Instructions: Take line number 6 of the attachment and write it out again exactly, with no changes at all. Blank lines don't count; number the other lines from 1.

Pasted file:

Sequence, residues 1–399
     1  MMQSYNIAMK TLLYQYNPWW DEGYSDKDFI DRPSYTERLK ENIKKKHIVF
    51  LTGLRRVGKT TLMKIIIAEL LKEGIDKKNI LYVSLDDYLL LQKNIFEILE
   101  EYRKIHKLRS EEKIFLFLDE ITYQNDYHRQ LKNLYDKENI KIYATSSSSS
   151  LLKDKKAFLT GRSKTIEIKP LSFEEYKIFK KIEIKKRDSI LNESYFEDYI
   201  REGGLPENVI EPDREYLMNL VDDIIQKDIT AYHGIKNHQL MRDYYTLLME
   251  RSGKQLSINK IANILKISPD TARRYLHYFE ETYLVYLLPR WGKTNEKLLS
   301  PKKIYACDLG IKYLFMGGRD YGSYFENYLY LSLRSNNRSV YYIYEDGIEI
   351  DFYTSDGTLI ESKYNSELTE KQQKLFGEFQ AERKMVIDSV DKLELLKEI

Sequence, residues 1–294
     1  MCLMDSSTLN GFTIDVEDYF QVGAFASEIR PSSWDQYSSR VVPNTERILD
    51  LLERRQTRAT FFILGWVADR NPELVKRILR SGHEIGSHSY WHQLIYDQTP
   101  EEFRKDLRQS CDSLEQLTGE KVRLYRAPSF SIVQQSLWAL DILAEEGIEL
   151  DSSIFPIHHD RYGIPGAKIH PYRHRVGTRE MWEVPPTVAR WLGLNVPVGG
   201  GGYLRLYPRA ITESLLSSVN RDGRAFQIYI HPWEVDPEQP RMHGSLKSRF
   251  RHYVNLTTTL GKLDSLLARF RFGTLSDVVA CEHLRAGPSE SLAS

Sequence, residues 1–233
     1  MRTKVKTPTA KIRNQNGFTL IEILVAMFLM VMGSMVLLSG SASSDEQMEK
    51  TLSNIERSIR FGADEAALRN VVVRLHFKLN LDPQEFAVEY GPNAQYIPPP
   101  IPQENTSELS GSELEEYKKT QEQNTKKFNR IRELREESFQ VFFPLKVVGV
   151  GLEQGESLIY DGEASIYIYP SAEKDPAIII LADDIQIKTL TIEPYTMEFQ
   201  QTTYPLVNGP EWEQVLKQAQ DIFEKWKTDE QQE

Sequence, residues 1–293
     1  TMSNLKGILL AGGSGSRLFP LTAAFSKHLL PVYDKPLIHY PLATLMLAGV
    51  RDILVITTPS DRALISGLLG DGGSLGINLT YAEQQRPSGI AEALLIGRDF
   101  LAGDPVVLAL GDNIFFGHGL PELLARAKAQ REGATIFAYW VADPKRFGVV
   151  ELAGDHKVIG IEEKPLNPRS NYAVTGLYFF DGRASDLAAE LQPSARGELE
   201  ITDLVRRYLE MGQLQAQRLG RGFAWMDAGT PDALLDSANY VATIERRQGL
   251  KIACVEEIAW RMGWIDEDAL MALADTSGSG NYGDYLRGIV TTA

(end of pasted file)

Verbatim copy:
   201  REGGLPENVI EPDREYLMNL VDDIIQKDIT AYHGIKNHQL MRDYYTLLME